Fed to repeal originator licensing rules now governed by CFPB

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WASHINGTON — The Federal Reserve is proposing to repeal mortgage loan originator licensing and registration requirements, as the Dodd-Frank Act transferred rulemaking authority to the Consumer Financial Protection Bureau.

The Fed said the proposal is intended to eliminate duplication of rules for entities covered by the Secure and Fair Enforcement for Mortgage Licensing Act of 2008.

“The Bureau’s regulations that incorporate the S.A.F.E. Act substantially duplicate the federal registry agencies’ coordinated rules and cover the entities that were previously subject to the other agencies’ rules,” the Fed said in its proposal. “Consequently, the Board is publishing this proposal to repeal its regulations that originally incorporated the S.A.F.E. Act.”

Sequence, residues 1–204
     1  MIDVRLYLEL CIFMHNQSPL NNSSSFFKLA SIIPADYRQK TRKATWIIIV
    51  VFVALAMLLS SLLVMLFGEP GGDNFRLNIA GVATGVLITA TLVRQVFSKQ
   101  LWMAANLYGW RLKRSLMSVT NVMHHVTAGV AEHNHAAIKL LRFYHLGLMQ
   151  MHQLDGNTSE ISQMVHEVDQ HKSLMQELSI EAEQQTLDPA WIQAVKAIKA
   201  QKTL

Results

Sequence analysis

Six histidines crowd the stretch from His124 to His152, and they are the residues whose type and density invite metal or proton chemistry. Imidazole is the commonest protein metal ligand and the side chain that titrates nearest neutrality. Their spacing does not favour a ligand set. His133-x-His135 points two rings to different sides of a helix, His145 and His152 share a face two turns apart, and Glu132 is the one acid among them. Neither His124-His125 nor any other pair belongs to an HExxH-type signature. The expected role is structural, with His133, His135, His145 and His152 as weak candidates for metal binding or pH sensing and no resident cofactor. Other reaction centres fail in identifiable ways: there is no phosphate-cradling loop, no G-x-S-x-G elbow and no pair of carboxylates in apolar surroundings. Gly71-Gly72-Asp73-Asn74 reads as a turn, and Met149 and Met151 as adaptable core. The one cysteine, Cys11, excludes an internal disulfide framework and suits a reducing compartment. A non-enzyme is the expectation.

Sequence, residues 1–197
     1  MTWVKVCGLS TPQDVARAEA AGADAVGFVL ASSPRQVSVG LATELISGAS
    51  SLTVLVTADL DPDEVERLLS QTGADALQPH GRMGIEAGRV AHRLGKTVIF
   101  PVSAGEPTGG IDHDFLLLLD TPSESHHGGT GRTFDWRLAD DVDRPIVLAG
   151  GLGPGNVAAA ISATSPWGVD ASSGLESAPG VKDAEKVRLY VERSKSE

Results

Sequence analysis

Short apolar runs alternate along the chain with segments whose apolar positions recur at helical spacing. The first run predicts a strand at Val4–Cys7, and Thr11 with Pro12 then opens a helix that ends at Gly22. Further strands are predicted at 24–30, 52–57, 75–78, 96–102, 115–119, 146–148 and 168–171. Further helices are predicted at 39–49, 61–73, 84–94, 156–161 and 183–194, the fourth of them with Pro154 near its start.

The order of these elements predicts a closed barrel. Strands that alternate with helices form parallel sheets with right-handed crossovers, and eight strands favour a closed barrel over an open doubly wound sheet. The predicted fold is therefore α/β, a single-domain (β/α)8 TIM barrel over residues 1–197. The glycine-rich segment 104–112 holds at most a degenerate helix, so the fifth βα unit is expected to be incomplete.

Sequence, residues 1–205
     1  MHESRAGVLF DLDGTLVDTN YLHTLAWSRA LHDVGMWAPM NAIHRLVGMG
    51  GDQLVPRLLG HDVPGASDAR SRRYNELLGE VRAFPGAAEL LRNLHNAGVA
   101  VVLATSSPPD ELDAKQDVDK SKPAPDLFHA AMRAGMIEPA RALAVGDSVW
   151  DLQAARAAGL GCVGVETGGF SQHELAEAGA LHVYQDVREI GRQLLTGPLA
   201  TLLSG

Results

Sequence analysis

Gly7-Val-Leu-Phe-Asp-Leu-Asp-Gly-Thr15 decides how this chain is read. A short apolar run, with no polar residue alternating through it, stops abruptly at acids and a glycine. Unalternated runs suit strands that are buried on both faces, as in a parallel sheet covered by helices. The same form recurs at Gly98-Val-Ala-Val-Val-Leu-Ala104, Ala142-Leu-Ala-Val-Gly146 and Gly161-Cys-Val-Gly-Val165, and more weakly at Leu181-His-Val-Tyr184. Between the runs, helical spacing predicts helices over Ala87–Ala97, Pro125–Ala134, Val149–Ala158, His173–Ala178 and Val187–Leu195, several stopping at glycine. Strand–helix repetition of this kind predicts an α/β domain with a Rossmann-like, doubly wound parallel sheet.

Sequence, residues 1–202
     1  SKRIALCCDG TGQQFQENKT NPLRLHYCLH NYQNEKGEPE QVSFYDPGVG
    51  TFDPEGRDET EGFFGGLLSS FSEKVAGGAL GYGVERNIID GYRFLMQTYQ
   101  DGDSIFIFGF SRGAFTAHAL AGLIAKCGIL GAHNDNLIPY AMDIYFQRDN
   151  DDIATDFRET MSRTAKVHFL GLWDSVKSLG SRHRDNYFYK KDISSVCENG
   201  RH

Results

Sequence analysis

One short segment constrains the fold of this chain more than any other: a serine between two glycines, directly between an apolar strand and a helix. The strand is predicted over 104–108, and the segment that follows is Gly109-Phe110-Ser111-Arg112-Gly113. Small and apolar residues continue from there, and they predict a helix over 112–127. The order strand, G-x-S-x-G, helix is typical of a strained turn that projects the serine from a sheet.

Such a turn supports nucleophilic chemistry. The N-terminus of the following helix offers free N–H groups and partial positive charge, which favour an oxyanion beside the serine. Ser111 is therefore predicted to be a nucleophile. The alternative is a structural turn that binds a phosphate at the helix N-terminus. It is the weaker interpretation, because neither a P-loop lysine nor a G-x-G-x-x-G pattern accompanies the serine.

The 2008 law mandated a nationwide licensing and registration system for residential mortgage loan originators. Mortgage loan originators were required to register with the Nationwide Mortgage Licensing System and Registry, obtain a unique identifier and maintain registration.

The Fed said its repeal of the regulations would not affect any entity, including small entities, since the CFPB finalized the interim final rule to incorporate the S.A.F.E. Act into its regulations in April 2016.

Comments on the Fed’s proposal will be accepted 60 days after it is published in the Federal Register.

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